• Publications
  • Influence
Compliance, identification, and internalization three processes of attitude change
1 An earlier draft of this paper was written while the author was with the Laboratory of Psychology, National Institute of Mental Health, and was read at the annual meeting of the American
Attitude and opinion data provide a basis for inferring the meaning of opinions held by individuals and groups and also for predictions about their future behavior. Such inferences and predictions,
Interests, relationships, identities: three central issues for individuals and groups in negotiating their social environment.
  • H. Kelman
  • Sociology, Medicine
    Annual review of psychology
  • 2006
Three approaches to peacemaking in international or intergroup conflicts are identified--conflict settlement, conflict resolution, and reconciliation--which, respectively, focus on the accommodation of interests, relationships, and identities, and are conducive to changes at the level of compliance, identification, and internalization.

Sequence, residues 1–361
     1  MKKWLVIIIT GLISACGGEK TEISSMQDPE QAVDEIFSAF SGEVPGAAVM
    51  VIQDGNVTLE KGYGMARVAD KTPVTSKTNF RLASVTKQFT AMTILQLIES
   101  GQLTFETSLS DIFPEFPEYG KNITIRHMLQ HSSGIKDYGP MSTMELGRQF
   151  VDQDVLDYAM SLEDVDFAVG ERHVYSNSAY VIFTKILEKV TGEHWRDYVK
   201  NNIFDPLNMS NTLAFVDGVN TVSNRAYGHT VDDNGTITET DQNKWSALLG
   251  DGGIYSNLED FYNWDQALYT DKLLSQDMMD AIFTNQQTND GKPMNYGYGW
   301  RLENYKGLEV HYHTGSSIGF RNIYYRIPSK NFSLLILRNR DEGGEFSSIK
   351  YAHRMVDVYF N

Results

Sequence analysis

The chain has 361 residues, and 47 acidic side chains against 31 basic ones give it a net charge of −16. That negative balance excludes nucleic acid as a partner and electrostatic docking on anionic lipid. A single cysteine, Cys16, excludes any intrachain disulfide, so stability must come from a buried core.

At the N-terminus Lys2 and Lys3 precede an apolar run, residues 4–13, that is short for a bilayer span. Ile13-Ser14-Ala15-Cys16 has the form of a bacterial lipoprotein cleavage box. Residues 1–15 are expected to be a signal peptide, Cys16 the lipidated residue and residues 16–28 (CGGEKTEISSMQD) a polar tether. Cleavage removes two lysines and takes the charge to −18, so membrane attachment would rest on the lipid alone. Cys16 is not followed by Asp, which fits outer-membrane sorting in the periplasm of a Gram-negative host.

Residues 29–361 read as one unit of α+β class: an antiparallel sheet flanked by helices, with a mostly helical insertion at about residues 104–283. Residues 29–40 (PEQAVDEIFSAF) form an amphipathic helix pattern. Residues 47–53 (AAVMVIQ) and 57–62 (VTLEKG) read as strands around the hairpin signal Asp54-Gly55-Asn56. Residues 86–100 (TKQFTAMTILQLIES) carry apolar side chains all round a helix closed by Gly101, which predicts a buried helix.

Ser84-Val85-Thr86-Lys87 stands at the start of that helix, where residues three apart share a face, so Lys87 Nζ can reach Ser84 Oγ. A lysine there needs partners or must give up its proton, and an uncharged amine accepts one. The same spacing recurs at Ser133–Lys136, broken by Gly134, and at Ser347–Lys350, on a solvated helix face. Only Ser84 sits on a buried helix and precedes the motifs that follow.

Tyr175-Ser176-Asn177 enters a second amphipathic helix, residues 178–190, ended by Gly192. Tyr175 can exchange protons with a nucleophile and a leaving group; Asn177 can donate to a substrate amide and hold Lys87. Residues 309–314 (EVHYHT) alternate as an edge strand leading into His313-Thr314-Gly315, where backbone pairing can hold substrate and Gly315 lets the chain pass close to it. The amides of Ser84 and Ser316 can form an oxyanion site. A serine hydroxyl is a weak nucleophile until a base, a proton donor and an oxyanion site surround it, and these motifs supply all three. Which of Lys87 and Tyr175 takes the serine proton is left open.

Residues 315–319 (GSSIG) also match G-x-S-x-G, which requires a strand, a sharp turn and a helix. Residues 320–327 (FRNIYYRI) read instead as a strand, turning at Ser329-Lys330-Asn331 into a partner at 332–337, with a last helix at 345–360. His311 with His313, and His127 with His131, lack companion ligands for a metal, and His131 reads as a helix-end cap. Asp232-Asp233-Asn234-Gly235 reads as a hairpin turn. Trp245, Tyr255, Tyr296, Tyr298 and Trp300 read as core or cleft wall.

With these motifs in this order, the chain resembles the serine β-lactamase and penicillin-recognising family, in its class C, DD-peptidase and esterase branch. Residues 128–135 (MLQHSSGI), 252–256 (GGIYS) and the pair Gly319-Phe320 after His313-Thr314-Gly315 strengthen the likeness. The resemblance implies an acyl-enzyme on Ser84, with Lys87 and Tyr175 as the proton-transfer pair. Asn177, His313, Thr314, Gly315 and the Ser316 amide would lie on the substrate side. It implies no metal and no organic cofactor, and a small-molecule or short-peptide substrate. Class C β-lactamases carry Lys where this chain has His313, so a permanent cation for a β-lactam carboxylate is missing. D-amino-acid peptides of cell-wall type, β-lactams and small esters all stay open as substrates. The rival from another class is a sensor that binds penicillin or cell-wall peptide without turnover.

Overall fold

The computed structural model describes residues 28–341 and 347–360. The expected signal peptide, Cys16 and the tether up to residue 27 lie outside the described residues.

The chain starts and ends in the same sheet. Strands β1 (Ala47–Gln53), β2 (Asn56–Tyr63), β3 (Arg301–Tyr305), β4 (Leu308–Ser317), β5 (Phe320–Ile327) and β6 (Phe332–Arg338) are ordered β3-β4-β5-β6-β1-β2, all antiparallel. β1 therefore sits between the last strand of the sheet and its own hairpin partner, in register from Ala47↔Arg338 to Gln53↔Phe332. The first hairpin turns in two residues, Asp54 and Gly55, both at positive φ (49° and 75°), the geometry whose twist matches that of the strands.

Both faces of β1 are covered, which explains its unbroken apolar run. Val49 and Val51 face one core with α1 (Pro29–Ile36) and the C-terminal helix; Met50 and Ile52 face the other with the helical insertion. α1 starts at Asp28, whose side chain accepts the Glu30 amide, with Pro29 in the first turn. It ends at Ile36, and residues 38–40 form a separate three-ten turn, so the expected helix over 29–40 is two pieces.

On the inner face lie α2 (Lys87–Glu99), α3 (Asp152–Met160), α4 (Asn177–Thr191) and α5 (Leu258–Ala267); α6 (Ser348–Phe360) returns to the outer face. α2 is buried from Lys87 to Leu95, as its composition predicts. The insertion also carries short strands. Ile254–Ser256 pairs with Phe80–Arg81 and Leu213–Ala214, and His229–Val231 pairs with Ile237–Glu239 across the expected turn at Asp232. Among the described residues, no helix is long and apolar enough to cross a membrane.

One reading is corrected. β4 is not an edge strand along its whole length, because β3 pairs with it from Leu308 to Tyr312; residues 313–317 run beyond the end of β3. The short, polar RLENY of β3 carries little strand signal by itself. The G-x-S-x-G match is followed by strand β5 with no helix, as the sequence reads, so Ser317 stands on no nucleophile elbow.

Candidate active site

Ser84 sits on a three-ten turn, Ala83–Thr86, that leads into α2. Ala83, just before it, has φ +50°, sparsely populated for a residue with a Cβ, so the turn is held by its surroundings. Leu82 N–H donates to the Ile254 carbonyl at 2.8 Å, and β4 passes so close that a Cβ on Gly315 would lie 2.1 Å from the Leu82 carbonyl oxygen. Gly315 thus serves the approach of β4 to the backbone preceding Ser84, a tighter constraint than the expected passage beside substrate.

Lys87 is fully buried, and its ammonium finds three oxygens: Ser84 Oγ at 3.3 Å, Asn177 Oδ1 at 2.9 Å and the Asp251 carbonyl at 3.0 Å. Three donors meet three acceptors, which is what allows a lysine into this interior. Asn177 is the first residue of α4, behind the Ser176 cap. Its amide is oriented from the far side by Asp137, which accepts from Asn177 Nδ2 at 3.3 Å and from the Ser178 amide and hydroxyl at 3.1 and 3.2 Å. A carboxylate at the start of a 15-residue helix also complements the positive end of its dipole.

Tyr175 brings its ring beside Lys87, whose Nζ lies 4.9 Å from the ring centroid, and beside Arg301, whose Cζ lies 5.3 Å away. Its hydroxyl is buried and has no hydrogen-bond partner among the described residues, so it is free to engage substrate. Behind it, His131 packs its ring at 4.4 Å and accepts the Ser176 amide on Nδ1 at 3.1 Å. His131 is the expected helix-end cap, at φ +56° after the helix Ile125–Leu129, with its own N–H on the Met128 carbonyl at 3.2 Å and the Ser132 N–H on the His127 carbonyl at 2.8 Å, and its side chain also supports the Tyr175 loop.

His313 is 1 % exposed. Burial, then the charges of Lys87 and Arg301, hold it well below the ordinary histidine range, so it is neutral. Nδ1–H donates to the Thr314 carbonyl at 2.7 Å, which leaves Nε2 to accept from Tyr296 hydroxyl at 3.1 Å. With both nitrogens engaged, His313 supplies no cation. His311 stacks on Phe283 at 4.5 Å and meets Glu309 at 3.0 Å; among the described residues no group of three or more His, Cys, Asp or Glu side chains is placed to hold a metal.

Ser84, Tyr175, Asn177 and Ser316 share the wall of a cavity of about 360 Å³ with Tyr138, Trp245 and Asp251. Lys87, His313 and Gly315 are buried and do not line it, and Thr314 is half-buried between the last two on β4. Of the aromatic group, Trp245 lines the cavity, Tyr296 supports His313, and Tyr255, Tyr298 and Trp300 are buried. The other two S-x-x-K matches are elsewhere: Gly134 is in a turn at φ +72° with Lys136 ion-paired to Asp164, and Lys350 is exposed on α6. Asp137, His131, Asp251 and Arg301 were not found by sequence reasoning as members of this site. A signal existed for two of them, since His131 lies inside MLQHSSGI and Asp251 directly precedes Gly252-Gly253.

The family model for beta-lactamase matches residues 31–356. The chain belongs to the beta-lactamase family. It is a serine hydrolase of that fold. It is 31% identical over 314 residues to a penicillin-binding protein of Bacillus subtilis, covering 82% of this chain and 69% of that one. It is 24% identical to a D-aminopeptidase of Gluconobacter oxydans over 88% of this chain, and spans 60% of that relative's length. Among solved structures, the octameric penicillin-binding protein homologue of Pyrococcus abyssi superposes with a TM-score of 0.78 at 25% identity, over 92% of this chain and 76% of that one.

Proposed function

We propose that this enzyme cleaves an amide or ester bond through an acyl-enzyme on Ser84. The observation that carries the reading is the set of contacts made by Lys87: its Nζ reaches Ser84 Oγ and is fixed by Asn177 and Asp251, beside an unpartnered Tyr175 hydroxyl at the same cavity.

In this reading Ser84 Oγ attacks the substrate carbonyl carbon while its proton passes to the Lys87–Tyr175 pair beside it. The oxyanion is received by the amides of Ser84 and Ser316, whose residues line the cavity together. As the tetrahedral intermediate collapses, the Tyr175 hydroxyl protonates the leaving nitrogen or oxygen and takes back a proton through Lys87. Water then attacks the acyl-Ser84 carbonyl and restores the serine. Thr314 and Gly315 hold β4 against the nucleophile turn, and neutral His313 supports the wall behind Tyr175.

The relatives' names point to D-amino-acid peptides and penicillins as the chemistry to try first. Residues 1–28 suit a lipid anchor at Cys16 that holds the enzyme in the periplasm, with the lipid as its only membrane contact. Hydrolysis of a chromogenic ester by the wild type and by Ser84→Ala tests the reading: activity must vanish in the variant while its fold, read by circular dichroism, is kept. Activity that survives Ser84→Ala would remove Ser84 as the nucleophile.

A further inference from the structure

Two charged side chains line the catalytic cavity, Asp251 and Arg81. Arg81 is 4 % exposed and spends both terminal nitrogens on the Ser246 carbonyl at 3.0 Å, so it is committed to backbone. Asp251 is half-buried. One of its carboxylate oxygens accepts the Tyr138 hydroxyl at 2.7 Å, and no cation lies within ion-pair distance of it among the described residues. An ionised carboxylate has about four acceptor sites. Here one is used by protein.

Crimes of obedience: Toward a social psychology of authority and responsibility.
The My Lai massacre, Watergate, the Iran-Contra affair: these are examples of the tendency for people to commit illegal acts when so ordered by authority. This book examines these events and the
The Interdependence of Israeli and Palestinian National Identities: The Role of the Other in Existential Conflicts
The interactions between identity groups engaged in a protracted conflict lack the conditions postulated by Gordon Allport in The Nature of Prejudice (1954) as necessary if contact is to reduce
Reinstatement of the communicator in delayed measurement of opinion change.
A recent experiment suggests that the sleeper effect may be due to the removal with time of a tendency to discount the material presented by an untrustworthy source.
Building trust among enemies: The central challenge for international conflict resolution☆
Abstract The article presents an approach to the gradual building of trust among enemies, who—even when they have an interest in making peace—are afraid to extend trust to each other lest it